Relentless pressure showed up Mokwena’s inexperience

RULANI Mokwena is in his first full season as Mamelodi Sundowns head coach. | BackpagePix

RULANI Mokwena is in his first full season as Mamelodi Sundowns head coach. | BackpagePix

Published May 12, 2024


THE outcome of Mamelodi Sundowns’ midweek match against Lamontville Golden Arrows might be the cue for the Chloorkop’s club to take a hard look at why the team did not reap its just rewards.

The match ended in a goalless draw, even though Mamelodi Sundowns enjoyed a profound possession advantage throughout the match. It did not matter that Sundowns played the entire second half with 10 players after defender Mosa Lebusa received a straight red card in the first minute of the second stanza.

Such is the strength of this Sundowns’ team that they maintained a vice-like grip on the match, whether playing with a full complement or not. However, it must be cause for concern that Sundowns could not defeat Arrows, who have one of the poorest defences in the 16-team league. They have conceded 41 goals in 27 matches.

This mark is bettered only by the relegation-doomed Cape Town Spurs, who have leaked 42 goals after 27 matches.

After the match, Sundowns coach Rulani Mokwena was at a loss to explain the outcome.

He said: “I don’t understand how we got into half-time at 0-0 after we had so many chances. I was counting at one point, but I stopped. I think it should have been 5-0 – only one team was playing.”

A graphic illustrating the flow of the match showed that the game was played almost entirely in Arrows half, from start to finish.

If the Sundowns hierarchy can unravel this mystery, they might discover why this immensely talented team did not reach the CAF Champions League final a few weeks ago.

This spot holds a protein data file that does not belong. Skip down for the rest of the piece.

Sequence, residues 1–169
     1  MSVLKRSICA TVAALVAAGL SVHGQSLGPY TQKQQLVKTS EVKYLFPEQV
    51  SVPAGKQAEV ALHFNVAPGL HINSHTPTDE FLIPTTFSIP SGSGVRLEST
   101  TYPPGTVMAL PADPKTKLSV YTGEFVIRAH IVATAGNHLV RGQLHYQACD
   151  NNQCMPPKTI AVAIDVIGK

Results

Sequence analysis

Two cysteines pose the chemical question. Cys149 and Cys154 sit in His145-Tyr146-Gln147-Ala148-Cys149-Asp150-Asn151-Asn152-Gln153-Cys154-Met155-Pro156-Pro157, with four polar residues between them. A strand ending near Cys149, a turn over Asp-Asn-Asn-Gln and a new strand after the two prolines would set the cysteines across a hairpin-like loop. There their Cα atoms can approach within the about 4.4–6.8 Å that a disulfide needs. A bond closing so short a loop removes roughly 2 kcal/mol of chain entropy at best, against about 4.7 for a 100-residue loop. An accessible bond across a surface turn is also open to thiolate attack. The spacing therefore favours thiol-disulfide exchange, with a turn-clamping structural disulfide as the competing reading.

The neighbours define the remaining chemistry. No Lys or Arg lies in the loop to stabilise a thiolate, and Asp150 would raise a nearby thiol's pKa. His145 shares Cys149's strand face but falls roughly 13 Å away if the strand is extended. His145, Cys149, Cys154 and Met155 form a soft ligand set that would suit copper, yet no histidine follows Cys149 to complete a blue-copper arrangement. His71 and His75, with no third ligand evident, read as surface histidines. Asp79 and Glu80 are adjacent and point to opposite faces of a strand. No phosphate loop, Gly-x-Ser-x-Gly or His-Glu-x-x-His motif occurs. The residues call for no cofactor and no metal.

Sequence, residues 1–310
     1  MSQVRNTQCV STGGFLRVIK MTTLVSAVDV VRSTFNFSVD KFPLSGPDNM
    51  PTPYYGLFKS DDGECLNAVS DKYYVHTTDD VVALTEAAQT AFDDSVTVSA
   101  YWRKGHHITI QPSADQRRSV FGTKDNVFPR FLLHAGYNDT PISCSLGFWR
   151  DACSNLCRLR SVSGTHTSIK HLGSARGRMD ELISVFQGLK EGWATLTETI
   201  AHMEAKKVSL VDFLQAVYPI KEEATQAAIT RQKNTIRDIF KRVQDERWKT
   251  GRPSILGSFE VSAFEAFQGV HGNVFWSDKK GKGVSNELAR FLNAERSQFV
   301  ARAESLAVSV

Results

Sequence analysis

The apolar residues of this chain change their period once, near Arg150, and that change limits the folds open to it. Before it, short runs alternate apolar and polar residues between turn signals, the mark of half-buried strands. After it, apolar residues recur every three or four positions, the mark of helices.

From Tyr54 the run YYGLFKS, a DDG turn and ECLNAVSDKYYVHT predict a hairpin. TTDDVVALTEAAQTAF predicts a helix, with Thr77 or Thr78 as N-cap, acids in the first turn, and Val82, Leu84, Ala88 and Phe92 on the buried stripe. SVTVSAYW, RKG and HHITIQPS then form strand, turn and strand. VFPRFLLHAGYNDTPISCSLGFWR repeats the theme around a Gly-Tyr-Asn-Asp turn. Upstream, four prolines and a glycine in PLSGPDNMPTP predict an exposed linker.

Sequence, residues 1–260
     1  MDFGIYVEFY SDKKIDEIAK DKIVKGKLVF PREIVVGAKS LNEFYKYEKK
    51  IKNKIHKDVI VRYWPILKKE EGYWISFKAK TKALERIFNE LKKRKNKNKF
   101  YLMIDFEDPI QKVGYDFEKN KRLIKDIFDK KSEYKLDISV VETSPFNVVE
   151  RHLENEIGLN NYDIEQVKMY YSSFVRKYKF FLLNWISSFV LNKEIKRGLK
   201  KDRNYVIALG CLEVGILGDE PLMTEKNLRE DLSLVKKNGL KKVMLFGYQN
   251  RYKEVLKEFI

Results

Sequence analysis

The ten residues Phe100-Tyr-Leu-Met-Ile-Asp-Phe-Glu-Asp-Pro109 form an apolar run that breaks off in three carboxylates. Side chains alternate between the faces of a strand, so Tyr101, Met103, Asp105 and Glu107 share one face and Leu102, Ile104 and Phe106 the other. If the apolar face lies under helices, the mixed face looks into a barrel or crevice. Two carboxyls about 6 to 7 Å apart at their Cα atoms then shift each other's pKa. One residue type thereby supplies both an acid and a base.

Such is the calibre of this team that last November they were crowned the first-ever African Football League (AFL) champions, after a 2-0 second-leg victory over Wydad Casablanca sealed a 3-2 aggregate triumph.

It was a terrific achievement against a side that has played in six Champions League finals.

In April, Sundowns bowed out of the Champions League after suffering back-to-back 1-0 defeats to Tunisia’s Espérance Sportive. By that time, Sundowns were showing distinct signs of buckling under the pressure of playing matches every four or five days.

Mokwena felt he had the players to reach the final at least and that is why he was shattered by the semi-final defeat.

Three weeks later, he declared: “Nothing can numb the pain of the Champions League failure, not even finishing the league campaign invincible.

“I’m still reeling, and I’m talking personally. Someone tried to console me and said you have a double already with the AFL and the league, so why are you still reeling?

“But I’m reeling because I feel like I’ve let the club down, let the supporters down and this group down because it’s my job to lead.”

In the past few weeks, Mokwena has shared his thoughts on feeling unappreciated and said the pressure on the team is underplayed.

Mokwena is just over a year into his tenure as the sole head coach of the team. Never before did he experience a time when he was in charge of a team that was competing on several fronts at the same time.

He was required to do a balancing act with his squad to ensure the team remained on course to challenge for all the silverware on offer. It would have been a unique experience for him.

In the wake of the Champions League failure, it could be argued that he was not fully prepared for the arduous challenge.

All summed up, it seems Sundowns paid the price for Mokwena’s inexperience to keep the team on winning ways when dealing with relentless pressure on so many fronts – both domestic and continental.